The Lawyer Asia Pacific 150 is the only research report to provide a ranking of the top 100 independent local firms and top 50 global firms in the region. The report offers critical review of some of the fastest growing firms and their strategies, a country-by-country guide to leading legal advisers and legal services market trends, plus exclusive insight into the current business development opportunities in the Asia Pacific. Read more
This year, The Lawyer’s annual ranking of the largest UK law firms by turnover is available as an interactive, digital benchmarking tool. For the first time this will allow you to manipulate each data set against the metrics of your choice.
The key message from the latest Michael Page/The Lawyer recruitment survey is very clear: career planning is essential from day one of a lawyer's entry to the profession. No longer can lawyers sit idly by and simply hope that they make the partnership grade or get into industry if all else fails.
On the partnership front, firms are much more choosy, and now demand not only expert legal technical skills but also evidence of marketing ability. Furthermore, they are taking longer to make partnership appointments. It is proving very difficult to get partnership in some areas, such as litigation, at the moment, with reports emerging that some top firms have not made up litigation partners in the past couple of years.
On the industry front, meanwhile, competition has never been tougher. There was a time when a job in industry was regarded as the soft career option for lawyers. Now it is seen as premier league, with the number of applicants looking to go in-house doubling.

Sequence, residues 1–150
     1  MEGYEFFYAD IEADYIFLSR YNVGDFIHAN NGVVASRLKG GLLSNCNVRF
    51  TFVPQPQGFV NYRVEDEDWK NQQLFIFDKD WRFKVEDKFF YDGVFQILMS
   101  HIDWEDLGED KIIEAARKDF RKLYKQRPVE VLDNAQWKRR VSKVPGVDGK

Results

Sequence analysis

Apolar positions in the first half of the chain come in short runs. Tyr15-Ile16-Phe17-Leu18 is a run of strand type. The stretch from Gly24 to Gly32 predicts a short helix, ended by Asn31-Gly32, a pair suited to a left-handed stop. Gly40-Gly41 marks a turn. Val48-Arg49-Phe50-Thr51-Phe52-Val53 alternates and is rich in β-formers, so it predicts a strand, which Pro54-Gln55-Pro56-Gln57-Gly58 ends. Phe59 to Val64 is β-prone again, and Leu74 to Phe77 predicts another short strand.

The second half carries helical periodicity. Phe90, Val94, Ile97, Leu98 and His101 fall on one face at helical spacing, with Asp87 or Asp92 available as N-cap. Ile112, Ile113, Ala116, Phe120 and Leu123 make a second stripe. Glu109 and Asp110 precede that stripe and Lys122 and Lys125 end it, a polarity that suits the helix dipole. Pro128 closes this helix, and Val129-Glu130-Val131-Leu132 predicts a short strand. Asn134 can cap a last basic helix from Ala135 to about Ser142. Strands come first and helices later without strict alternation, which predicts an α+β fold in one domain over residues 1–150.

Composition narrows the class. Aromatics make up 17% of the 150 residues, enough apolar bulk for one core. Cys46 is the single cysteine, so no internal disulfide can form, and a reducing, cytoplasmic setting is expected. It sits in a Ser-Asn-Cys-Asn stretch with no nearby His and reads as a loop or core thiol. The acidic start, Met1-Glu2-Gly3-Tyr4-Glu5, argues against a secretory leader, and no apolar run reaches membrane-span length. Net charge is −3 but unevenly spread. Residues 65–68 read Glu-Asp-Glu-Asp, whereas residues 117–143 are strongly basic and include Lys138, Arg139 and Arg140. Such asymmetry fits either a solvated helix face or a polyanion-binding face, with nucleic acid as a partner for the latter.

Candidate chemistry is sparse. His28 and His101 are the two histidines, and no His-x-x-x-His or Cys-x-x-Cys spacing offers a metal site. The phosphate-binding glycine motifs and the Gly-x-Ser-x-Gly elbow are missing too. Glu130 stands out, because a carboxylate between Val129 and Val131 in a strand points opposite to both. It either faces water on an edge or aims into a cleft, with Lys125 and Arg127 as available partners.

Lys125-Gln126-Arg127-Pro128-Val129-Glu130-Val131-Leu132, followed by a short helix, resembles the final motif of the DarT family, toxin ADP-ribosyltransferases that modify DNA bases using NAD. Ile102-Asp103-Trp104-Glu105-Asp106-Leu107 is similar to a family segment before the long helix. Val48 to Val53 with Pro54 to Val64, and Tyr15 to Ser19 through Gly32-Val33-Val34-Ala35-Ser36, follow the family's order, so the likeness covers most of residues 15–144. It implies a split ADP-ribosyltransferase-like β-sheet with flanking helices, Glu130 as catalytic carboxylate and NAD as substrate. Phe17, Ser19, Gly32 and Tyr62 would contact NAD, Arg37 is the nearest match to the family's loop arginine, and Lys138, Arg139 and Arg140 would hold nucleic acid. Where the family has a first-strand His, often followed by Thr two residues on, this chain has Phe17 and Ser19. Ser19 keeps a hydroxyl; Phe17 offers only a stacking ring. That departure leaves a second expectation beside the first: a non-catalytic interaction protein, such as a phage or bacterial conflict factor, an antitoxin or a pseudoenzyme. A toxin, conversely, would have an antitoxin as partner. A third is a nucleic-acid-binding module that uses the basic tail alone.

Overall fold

Whether lawyers wish to remain in private practice or go into industry they need to think two moves ahead. For private practice, the trends are cyclical. So while banking, corporate and property lawyers are most in demand at the moment, four to five years down the road, perhaps in more recessionary times, litigation will once more come into its own.
It is a difficult market to forecast but no longer can lawyers coast along. Planning is a necessity. For those lawyers intending to go into industry, a more generalist background is called for, and lawyers minded to go this route must also look ahead, taking care to pick up as much commercial experience as possible.
The signs are that the market will become more competitive and getting ahead can no longer be taken for granted.